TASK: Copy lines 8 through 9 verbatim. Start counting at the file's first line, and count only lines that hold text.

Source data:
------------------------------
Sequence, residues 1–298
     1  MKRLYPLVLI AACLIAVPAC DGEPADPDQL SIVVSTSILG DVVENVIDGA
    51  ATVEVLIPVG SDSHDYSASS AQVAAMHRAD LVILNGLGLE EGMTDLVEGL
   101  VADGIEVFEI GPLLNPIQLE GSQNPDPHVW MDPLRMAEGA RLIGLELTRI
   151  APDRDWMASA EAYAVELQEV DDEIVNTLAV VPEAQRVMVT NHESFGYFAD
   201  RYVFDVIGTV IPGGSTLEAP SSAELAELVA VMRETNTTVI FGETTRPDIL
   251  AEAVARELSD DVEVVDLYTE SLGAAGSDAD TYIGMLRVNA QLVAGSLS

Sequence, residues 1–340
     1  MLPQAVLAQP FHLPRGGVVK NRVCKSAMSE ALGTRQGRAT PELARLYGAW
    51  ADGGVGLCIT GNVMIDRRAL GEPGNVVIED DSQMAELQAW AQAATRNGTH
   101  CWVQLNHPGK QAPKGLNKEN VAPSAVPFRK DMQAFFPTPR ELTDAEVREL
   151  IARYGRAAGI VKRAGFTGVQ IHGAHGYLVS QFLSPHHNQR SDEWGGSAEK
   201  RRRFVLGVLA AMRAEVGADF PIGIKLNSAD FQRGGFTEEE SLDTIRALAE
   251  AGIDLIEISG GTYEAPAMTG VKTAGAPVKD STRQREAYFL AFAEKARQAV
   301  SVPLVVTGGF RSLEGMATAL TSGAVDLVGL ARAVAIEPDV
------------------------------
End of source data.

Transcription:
Sequence, residues 1–340
     1  MLPQAVLAQP FHLPRGGVVK NRVCKSAMSE ALGTRQGRAT PELARLYGAW